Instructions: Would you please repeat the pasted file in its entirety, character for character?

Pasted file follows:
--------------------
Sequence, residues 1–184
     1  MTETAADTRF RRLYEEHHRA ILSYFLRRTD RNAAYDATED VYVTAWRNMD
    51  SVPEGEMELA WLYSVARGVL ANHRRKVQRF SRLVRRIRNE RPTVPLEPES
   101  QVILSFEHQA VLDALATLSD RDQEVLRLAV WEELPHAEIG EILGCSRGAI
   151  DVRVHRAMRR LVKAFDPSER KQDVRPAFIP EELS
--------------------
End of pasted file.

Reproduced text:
Sequence, residues 1–184
     1  MTETAADTRF RRLYEEHHRA ILSYFLRRTD RNAAYDATED VYVTAWRNMD
    51  SVPEGEMELA WLYSVARGVL ANHRRKVQRF SRLVRRIRNE RPTVPLEPES
   101  QVILSFEHQA VLDALATLSD RDQEVLRLAV WEELPHAEIG EILGCSRGAI
   151  DVRVHRAMRR LVKAFDPSER KQDVRPAFIP EELS